Gear Guy

Will salt water ruin Gore-Tex?

Will salt water break down Gore-Tex and other waterproof-breathable fabrics? (I've heard tales of salt spray drying in the fabric and grinding away at it from the inside like tiny saws.) Is there a better choice in outerwear for kayaking and sailing on the Maine coast? Stephanie South Thomaston, Maine


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When Gore-Tex first came out, salt from seawater had a tendency to get into the tiny pores in the material. The idea that the salt grinds away at the material is an interesting one, although not really the main problem gear makers were up against. Instead, the salt blocked the pores and eliminated the stuff’s ability to vent moisture from near the wearer’s body. W.L. Gore did some things with Gore-Tex’s microscopic-level design, and the problem was eliminated, although at the loss of some breathability.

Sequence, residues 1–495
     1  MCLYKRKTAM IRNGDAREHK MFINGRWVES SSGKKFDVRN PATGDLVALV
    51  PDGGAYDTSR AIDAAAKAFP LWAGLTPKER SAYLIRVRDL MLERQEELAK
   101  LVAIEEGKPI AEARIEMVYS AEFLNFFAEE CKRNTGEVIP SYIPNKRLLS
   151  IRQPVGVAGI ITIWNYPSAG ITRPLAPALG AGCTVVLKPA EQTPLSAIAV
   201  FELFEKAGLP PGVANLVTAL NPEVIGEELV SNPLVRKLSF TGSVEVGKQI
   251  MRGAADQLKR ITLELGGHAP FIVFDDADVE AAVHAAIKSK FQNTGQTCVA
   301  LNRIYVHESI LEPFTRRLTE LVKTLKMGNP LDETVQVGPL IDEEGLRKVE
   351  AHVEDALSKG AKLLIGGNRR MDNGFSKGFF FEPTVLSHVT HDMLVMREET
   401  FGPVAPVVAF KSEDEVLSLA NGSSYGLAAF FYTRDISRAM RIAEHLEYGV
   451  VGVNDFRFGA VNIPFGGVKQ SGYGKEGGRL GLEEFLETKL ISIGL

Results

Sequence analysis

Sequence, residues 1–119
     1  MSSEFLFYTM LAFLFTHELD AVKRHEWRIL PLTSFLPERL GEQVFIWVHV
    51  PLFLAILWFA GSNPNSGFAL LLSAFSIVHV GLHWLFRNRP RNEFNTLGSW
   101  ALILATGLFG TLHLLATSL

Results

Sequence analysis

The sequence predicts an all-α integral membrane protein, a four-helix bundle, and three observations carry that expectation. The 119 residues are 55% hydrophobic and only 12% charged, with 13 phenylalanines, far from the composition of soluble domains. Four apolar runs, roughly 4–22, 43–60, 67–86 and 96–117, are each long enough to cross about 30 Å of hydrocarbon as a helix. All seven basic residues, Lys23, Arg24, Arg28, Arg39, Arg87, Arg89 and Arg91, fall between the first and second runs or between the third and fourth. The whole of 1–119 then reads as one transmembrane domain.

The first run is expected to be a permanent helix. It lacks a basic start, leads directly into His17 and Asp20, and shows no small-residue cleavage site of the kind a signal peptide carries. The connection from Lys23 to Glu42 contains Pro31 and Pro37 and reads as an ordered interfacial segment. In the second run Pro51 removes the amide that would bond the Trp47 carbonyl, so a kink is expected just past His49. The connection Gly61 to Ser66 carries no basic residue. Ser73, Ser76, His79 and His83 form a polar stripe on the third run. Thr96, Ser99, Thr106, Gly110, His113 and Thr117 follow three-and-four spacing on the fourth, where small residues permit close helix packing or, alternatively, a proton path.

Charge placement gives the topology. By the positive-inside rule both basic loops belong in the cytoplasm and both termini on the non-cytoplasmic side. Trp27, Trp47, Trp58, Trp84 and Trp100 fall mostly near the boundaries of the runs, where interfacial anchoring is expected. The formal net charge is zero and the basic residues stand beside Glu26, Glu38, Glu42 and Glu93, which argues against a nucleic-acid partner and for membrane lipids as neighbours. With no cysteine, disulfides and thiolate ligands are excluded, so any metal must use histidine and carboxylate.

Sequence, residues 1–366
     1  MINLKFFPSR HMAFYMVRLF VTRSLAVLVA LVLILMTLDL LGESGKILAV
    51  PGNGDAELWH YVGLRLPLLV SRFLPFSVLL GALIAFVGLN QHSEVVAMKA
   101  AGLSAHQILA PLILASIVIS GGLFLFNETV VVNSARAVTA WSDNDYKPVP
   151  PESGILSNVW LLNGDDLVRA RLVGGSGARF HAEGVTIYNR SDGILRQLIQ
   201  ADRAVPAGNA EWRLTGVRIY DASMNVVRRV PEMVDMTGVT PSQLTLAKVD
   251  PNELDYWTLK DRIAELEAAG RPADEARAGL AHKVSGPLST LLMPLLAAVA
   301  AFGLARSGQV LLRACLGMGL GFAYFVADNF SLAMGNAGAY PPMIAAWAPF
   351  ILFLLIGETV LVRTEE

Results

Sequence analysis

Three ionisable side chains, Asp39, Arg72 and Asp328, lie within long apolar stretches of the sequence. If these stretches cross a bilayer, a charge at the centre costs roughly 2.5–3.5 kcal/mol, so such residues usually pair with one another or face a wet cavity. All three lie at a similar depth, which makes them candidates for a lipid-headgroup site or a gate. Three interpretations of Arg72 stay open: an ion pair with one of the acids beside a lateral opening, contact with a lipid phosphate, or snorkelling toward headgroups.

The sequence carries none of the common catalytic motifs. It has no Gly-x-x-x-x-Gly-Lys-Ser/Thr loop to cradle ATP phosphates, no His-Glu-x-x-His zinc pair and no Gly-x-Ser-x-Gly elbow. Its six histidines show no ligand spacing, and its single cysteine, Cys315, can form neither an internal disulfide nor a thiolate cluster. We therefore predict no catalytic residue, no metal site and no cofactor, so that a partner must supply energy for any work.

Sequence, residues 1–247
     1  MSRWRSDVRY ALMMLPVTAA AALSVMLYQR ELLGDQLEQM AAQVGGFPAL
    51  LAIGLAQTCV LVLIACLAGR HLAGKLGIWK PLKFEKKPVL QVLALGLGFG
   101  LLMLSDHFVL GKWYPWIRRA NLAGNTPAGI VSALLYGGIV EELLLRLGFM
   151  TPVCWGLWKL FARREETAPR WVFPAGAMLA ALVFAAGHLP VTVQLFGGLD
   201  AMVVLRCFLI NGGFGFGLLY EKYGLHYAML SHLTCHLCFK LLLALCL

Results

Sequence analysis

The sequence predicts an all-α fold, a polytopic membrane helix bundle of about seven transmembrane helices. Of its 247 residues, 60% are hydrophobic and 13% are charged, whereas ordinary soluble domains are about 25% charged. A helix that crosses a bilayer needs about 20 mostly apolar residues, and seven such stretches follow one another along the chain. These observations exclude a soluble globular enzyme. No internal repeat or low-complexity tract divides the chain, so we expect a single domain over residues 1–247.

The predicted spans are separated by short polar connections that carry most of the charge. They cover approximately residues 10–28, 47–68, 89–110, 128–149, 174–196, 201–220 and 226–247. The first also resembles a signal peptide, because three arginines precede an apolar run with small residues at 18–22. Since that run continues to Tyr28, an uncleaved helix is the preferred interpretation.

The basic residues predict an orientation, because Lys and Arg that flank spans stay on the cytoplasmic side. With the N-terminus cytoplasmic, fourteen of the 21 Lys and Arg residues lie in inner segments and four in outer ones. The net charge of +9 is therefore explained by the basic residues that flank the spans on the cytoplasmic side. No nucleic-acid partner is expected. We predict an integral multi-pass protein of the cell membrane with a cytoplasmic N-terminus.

So today it’s perfectly OK to use Gore-Tex in marine environments. Companies such as Kokatat use the same Gore-Tex you find in an REI store to make their paddling gear, such as the Kokatat Wave Drytop, a paddling/water-sport jacket that sells for $339 ( But Gore also makes what it calls “Ocean Technology” Gore-Tex, which uses a sturdier lamination formula and heavier face fabrics. It’s not designed for hiking around in, but for a wearer who’s constantly being doused with cold seawater. It’s also expensive—Gill’s Ocean Jacket goes for $725 (

So there you go. No worries about using Gore-Tex around salt water—it works well and features in many seaworthy jacket designs.

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